A number of years ago a friend and I traveled to Istanbul, Turkey during the Christmas Holidays. Our Hotel was the Hotel AlZer located on At Meydani in Sultanahmet. This small hotel is the only one on the Hippodrome in the center of ancient Istanbul and the area contains many of the important “can’t miss” sights in Istanbul including: The Blue Mosque (Sultan AhmetI Camii); Haghia Sophia, Topkapi Palace, Basillica Cistern and the Archaelogical Museum (the former Palace of Ibraham Pasha). The Hotel is still at the same location today but it has now been upgraded and remodeled . Our room was at the front of the hotel which was right in front of the Blue Mosque across the Hippodrome. The call to prayer in the morning was a very effective alarm clock waking us up at dawn.
The Hippodrome is the heart of historic Istanbul and was constructed between AD200 by Emperor Septimius Severus when he rebuilt Byzantium. It is said that the structure could seat between 30,000 and 100,000 people and was used for sporting and political events. It is 480m long and 117mwide and the spina down the central axis contains obelisks and columns, three of which still stand today including: The Egyptian Obelisk which was originally commissioned by Pharaoh Thutmose III (It was broken in transit so only the upper third survived to be erected in the Hippodrome. The second surviving artifact is the Serpentine Column from the Temple of Appollo in Delphi c479 BC; and the third is the Colossus, often compared to the Colossus of Rhodes.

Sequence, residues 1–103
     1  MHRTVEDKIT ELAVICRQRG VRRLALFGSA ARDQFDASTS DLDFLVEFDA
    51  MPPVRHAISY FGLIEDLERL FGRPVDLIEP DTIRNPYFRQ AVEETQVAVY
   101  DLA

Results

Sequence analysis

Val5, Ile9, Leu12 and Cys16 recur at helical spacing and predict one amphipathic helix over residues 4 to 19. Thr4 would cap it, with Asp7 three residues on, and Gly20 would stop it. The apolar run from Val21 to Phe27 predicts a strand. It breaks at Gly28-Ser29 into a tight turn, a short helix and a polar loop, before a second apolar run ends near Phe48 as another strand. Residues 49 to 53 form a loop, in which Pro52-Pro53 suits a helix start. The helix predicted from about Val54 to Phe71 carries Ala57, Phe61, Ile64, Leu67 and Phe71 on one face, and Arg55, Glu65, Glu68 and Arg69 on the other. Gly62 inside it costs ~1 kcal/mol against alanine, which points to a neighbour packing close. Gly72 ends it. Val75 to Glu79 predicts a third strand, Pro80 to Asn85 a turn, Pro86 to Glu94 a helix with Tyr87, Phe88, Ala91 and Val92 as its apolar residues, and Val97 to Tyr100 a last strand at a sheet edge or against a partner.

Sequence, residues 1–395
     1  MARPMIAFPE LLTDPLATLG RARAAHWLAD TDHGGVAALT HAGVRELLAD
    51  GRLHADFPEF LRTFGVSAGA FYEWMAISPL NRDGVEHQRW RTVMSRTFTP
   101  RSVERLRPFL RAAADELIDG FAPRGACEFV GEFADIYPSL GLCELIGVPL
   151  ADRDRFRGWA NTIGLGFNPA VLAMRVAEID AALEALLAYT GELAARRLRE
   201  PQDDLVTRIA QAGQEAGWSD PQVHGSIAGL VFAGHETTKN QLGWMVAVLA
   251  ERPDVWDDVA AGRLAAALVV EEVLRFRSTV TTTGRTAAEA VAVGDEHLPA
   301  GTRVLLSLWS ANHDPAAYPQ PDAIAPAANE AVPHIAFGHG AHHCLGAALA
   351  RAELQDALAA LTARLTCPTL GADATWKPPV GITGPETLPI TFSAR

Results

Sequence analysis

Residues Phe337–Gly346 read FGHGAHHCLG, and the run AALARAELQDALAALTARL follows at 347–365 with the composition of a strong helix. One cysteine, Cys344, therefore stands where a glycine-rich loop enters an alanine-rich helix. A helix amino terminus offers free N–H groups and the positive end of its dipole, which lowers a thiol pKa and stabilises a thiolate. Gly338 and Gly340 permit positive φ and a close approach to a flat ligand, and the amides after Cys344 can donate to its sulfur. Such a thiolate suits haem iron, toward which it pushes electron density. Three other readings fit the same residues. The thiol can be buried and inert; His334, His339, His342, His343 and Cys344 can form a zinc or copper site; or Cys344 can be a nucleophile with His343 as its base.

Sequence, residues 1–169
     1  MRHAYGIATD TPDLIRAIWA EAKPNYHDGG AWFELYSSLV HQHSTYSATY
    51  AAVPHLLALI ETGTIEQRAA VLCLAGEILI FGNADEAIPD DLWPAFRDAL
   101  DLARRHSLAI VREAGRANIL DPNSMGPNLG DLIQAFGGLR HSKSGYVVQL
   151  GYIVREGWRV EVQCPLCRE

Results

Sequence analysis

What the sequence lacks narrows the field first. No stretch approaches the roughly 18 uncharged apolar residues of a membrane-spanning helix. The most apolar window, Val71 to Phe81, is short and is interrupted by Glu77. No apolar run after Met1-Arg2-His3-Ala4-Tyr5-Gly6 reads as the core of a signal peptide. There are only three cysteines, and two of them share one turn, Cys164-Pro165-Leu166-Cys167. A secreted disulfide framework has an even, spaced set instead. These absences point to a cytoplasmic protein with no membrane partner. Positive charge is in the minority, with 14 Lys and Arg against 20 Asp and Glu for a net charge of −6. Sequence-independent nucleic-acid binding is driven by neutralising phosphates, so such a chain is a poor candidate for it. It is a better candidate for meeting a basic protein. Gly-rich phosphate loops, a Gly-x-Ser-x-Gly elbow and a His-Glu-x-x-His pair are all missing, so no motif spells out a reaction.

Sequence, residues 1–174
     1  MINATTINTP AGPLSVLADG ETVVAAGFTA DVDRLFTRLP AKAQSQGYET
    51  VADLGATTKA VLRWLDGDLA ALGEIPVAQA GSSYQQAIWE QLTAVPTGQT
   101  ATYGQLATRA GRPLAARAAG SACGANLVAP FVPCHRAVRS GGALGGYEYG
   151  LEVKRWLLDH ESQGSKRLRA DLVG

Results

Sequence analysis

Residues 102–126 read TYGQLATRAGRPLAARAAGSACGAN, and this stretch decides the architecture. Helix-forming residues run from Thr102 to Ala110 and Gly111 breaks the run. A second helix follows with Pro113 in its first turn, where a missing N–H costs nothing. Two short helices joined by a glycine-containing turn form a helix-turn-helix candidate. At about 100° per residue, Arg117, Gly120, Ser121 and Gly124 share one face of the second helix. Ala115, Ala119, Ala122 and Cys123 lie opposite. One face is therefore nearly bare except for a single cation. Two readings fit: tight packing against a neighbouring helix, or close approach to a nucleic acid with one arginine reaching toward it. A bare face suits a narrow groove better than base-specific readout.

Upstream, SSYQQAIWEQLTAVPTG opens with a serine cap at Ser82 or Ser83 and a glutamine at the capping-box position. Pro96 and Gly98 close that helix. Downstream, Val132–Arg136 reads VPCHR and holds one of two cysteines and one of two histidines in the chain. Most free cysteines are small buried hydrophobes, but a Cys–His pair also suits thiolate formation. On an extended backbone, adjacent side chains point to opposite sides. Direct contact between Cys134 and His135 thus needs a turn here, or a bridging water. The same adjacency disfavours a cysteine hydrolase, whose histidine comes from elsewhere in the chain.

Sultanahmet Square around the Hippodrome is occupied on one side by the palace of Ibrahim Pasha and today houses the Museum of Turkish and Islamic Art. Directly across from the hotel is the Blue Mosque, Sultan Ahmet I Camii which is the most prominent landmark in Istanbul with its six minarets. Founded and built by Sultan Ahmet I between 1609 and 1616. The interior is decorated with Iznik tiles in predominately blue and green hues using lily, carnation, tulip and rose motifs.
At the NE end of the Hippodrome is Haghia Sophia, one of the most extraordinary buildings in the history of architecture. This is the third church built on this site and was built by Justinian and completed in 537AD. It remained a Christian Church until 1453 when Constantinople fell to the Turks led by Sultan Mehmet II after which it became the Mosque of Haghia Sophia. All of the interior mosaics were white washed over and it wasn’t until 1932 when the Byzantine Institute began the restoration of the mosaics. The Building was reopened as a museum in 1934 and the restoration of the mosaics was not completed until 1964 when the galleries were opened to the public.
A short walk from Haghia Sophia is the huge complex of Topkapi Palace, which for four centuries was the imperial residence of the Ottoman Sultans. In addition to the interesting architectural structures the area contains collections of porcelains, armor, fabrics, jewelry, miniatures, calligraphy, and many works of art once belonging to the sultans and their court. The entire area is surrounded by gardens that extend from the palace walls to the Marmara and the Golden Horn. In the gardens in front of the palace is Haghia Eirene, the second largest Medieval Christian church in the city.
Also in the same general area you can find Cinlli Kosku (Museum of Turkish Tiles), this is the oldest secular building in Istanbul. Haman Roxelana is between the Blue Mosque and Haghia Sophia and the Basillica Cistern (Yerebatan Saray) an underground cistern dating from Roman times built by Justinian used to store water for the Palace and later for the gardens of Topkapi Palace.
With all of these wonderful sights in the general area of our Hotel it took us over four days to venture further into the city.